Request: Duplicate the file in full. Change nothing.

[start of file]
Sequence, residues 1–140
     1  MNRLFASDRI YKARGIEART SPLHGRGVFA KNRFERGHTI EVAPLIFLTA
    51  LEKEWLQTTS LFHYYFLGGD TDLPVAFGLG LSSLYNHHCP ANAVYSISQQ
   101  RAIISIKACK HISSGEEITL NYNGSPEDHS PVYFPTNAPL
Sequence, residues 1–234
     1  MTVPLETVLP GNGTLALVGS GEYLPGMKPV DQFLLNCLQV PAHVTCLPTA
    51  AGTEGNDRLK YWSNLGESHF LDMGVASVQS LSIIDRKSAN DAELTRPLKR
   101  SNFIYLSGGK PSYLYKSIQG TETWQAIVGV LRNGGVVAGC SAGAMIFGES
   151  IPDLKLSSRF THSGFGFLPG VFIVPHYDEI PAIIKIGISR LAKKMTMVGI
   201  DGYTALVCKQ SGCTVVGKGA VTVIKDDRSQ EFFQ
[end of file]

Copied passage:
Sequence, residues 1–140
     1  MNRLFASDRI YKARGIEART SPLHGRGVFA KNRFERGHTI EVAPLIFLTA
    51  LEKEWLQTTS LFHYYFLGGD TDLPVAFGLG LSSLYNHHCP ANAVYSISQQ
   101  RAIISIKACK HISSGEEITL NYNGSPEDHS PVYFPTNAPL
Sequence, residues 1–234
     1  MTVPLETVLP GNGTLALVGS GEYLPGMKPV DQFLLNCLQV PAHVTCLPTA
    51  AGTEGNDRLK YWSNLGESHF LDMGVASVQS LSIIDRKSAN DAELTRPLKR
   101  SNFIYLSGGK PSYLYKSIQG TETWQAIVGV LRNGGVVAGC SAGAMIFGES
   151  IPDLKLSSRF THSGFGFLPG VFIVPHYDEI PAIIKIGISR LAKKMTMVGI
   201  DGYTALVCKQ SGCTVVGKGA VTVIKDDRSQ EFFQ